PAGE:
Common Misconceptions

There’s a lot of misinformation out there about the fire sprinkler system that keeps people from installing them- sometimes with tragic results. Here are a few of the more common ones.

If a sprinkler senses heat, the whole fire sprinkler system will go off-causing expensive water damage. NOT TRUE. Most fire sprinkler systems on the market today are designed so that each sprinkler head activates individually. The only sprinkler that goes off in case of a fire is the one directly above the fire-keeping fire and water damage to a minimum,

A fire sprinkler system can get tripped accidentally causing expensive water damage. ACTUALLY, IT’S PRACTICALLY IMPOSSIBLE TO “accidently” set off a fire sprinkler system. The sprinkler system is activated by concentrated heat alone- the kind of heat you get from a fire, not a sweltering day in July. This makes it very difficult to trip the system inadvertently. And it’s been estimated that only one in sixteen million fire sprinkler systems have manufacturing defects –so it’s very doubtful that your system will malfunction in this way.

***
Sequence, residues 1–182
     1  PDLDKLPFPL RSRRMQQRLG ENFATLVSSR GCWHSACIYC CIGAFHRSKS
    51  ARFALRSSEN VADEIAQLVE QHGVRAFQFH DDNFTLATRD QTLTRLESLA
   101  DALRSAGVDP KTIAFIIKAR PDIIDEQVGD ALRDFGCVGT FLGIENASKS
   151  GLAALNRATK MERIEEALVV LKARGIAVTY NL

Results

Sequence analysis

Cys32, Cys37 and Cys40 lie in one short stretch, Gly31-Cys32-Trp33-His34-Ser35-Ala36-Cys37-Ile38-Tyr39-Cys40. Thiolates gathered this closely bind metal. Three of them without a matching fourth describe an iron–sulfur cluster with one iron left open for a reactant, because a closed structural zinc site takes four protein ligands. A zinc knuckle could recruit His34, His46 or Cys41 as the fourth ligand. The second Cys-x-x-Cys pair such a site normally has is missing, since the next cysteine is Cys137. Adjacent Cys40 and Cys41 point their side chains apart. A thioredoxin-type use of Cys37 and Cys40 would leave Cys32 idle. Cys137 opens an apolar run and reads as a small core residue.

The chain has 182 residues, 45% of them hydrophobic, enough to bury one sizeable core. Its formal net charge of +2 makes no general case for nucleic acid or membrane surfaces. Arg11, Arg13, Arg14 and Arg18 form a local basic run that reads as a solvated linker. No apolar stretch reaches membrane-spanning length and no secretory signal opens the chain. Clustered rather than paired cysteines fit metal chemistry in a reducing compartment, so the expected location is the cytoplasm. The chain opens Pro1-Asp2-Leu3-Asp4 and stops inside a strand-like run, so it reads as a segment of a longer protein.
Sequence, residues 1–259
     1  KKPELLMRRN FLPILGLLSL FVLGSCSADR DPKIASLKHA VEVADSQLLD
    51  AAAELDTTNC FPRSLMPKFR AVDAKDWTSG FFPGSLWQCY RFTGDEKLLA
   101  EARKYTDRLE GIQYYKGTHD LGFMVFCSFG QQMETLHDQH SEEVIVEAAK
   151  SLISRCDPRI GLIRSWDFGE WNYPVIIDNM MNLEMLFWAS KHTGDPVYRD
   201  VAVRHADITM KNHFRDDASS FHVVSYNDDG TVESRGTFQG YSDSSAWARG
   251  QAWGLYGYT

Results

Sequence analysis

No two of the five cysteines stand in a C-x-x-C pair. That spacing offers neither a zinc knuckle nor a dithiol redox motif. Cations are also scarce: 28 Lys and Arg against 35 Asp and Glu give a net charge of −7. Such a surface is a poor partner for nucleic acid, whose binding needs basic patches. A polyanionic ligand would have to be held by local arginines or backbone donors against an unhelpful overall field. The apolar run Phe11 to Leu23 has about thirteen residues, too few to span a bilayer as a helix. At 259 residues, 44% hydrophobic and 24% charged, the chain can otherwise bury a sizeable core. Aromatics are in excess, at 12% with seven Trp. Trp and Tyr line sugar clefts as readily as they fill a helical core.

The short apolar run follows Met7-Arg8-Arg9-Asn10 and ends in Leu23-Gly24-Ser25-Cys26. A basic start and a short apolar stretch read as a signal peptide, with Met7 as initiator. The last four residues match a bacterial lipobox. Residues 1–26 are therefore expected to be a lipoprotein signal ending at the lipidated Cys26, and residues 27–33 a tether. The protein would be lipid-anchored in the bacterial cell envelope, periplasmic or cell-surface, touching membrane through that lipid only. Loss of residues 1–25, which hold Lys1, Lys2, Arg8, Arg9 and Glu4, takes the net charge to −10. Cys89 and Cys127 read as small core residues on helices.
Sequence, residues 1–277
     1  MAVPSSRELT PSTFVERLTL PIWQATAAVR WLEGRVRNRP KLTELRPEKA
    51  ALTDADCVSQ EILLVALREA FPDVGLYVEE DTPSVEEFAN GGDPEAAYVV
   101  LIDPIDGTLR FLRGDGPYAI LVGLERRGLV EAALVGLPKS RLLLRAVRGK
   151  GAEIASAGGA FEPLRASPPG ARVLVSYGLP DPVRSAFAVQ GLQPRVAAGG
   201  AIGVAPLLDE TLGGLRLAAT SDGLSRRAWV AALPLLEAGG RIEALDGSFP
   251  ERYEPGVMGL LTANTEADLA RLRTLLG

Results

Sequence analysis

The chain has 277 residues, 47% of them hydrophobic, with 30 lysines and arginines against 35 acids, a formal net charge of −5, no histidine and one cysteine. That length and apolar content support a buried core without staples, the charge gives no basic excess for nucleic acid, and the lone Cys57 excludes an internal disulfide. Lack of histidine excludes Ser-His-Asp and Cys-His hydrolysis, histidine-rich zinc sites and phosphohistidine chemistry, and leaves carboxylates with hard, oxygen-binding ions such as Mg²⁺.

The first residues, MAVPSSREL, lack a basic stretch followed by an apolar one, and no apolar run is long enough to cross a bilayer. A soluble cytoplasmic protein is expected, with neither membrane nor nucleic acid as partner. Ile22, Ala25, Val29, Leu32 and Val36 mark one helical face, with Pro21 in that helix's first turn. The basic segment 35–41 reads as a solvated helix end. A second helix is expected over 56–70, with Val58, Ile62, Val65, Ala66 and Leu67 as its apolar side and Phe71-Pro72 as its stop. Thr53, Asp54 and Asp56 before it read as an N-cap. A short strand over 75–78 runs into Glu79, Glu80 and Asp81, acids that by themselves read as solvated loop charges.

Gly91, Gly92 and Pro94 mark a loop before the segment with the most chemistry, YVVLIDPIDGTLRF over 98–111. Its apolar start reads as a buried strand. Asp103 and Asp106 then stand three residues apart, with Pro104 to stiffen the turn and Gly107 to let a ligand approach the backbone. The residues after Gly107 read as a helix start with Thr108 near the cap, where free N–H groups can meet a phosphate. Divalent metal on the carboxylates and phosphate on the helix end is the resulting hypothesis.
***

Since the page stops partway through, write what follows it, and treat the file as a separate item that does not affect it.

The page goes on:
A fire sprinkler system is prohibitively expensive to install. NOT TRUE. Installing a sprinkler system in your home will cost about as much as installing new carpeting. More expensive than a few smoke alarms, true- but much more effective protection.

A fire sprinkler system needs Hugh amounts of water to work effectively. THIS IS NOT THE CASE. A sprinkler system typically uses a fraction of the water fire fighters use to put a fire out. A single sprinkler can take out most home fires by itself. By the time the fire department arrives at a burning home, the fire has usually grown to much larger proportions- and so thousands of gallons of water are needed to control it. If it can be controlled at all.

Fire alarms and a good escape plan are all you need to survive a fire. It’s a COMMON MYTH that a fire alarm alone can protect your family from fire. Actually, a fire alarm is not as reliable as a fire sprinkler system. 14% of fire alarms may fail to sense a fire at the critical moment. Compare that to the fire sprinkler system records: it’s estimated that only one in 500,000 will fail to go off in case of a fire.

Those sprinkler heads will look unsightly on my ceiling. NOT TRUE. Today’s residential fire sprinkler system designs blend in. Recessed and semi-recessed sprinkler heads are widely available, as well as special caps that cover the recess and are attached with a special resin that will melt and drop off the sprinkler in case of a fire. Sprinkler heads and covers come in a wide variety of colors to match your ceiling, and most manufacturers will custom paint them on request.